The FORCE of the tackler in both sports is pretty similar however the "collisions" in rugby are generally bigger (because players move into tackles more often.) but the BIGGEST collisions in both sports would be of similar impact.

Both games are extremely tactical and require a different kind of intelligence and lastly both games have extreme athletes although they are of a different build.

You should all watch some games of the other before critizing it, I've recently for the past 2 years watched the AF and I love it just about as much as rugby.

I love the shift in pace, the catches and throws, the chess match and the agility

In Rugby I love the raw strength, the impact, the teamwork and the communication.

— 49.✗.✗.120
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January 14, 2013, 2:39am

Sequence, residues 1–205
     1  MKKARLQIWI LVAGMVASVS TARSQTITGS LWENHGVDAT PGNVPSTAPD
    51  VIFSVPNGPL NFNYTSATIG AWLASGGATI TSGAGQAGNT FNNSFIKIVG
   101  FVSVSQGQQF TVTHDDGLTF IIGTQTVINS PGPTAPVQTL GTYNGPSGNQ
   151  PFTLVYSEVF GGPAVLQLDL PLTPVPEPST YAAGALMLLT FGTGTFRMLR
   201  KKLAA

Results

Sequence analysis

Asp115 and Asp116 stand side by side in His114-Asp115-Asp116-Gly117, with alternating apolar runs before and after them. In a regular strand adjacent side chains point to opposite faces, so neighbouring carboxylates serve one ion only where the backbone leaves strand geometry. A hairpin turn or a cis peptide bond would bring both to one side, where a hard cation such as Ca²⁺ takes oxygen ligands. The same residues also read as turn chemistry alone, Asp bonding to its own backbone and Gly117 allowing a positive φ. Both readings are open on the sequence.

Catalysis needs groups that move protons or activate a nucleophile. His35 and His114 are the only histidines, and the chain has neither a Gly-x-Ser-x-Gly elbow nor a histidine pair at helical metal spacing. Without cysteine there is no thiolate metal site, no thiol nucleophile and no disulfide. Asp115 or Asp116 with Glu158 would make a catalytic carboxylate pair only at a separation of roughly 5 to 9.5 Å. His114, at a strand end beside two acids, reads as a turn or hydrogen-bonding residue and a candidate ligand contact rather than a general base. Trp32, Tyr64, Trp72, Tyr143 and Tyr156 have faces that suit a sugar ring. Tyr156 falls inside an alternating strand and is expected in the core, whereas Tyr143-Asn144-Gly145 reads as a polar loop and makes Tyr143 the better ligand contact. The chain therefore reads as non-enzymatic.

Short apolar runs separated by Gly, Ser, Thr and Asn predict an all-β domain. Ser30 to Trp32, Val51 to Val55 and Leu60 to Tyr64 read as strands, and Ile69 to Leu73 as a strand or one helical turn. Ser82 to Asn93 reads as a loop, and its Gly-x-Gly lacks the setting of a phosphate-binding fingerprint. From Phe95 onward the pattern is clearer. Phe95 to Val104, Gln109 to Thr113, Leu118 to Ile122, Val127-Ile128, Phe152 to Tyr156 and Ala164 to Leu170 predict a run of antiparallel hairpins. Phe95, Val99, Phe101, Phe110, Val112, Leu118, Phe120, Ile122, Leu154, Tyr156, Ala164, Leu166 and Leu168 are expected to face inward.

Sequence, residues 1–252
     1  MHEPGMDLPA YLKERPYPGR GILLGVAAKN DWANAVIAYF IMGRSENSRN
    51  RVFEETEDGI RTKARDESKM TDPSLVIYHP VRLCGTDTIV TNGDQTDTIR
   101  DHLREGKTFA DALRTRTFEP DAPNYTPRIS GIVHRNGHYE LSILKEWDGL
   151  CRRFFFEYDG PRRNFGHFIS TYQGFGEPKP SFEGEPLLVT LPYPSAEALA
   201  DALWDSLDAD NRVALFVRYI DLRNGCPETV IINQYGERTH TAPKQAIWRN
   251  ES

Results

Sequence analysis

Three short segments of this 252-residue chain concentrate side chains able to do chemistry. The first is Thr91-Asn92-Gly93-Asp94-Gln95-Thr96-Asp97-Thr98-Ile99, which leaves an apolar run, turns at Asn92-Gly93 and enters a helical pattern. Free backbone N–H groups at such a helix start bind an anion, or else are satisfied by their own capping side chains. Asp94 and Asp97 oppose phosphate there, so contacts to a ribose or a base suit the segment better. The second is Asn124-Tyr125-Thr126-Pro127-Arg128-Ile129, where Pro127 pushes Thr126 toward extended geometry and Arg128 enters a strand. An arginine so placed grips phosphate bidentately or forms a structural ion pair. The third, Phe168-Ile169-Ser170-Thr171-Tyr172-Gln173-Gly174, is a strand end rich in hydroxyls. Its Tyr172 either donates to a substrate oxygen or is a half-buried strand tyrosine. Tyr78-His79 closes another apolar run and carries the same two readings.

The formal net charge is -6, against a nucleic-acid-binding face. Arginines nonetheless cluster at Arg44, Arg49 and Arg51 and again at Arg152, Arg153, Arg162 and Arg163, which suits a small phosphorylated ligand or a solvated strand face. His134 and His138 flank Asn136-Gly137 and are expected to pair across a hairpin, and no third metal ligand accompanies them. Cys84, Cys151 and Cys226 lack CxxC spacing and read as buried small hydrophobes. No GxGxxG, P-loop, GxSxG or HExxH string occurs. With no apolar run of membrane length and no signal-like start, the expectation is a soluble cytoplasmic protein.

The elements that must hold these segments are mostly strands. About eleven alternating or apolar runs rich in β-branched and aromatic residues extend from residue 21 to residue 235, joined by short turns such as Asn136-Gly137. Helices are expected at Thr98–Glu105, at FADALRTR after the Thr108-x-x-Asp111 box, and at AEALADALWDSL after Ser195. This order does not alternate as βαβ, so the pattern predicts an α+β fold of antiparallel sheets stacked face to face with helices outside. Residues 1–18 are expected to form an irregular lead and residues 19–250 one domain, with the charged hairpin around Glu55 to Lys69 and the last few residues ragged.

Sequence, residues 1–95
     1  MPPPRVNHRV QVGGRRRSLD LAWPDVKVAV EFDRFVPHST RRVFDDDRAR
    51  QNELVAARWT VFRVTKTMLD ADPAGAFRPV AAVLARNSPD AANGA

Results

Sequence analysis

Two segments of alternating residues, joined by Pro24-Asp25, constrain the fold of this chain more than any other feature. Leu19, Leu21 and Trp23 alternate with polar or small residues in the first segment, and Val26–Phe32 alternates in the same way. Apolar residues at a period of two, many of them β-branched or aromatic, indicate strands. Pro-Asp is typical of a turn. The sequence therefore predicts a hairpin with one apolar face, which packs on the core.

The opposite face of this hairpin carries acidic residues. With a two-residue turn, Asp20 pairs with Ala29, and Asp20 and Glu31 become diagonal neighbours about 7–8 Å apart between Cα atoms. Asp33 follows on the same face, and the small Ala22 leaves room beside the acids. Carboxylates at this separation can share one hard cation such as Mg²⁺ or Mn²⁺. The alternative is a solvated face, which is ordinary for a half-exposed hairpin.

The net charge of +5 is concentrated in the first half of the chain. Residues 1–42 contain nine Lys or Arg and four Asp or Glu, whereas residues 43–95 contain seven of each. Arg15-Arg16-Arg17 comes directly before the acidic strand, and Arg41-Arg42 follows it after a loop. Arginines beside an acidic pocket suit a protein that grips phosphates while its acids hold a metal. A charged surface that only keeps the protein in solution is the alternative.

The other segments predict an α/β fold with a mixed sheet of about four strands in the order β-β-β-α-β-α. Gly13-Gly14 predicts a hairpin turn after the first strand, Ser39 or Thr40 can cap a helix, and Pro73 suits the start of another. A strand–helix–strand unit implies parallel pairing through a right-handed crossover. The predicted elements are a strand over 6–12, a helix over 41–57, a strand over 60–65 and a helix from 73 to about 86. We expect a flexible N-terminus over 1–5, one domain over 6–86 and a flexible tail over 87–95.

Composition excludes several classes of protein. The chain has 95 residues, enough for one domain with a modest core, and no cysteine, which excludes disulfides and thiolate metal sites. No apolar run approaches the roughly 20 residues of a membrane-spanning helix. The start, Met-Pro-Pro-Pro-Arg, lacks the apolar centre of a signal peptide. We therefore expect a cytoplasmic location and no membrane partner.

It seems to me how most of the rugby fans miss the display of amazing agility some of the NFL players have and seriously you got to admit some a lot of NFL players would be hell on a rugby team. imagine they had some one like Chris Johnson (4.24 in the 40) or Adrian Peterson on the team. i would not mind getting into Rugby team. i use to play CB in high school and by far the most aggravating position every.

— 70.✗.✗.181
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November 29, 2012, 6:39pm

Rugby FTW. American football is just a copy and likes taking stuff from other sport like the real football which you idiots call soccer even though you only use your foot while in football you rarely use your feet. Also rugby came first so since you sucked at it so much you decided to have your own lazy sport of it. Stop ruining sports America and calling them your own. You also did the same thing thing with kricket that you call baseball

— 209.✗.✗.62
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November 26, 2012, 5:04pm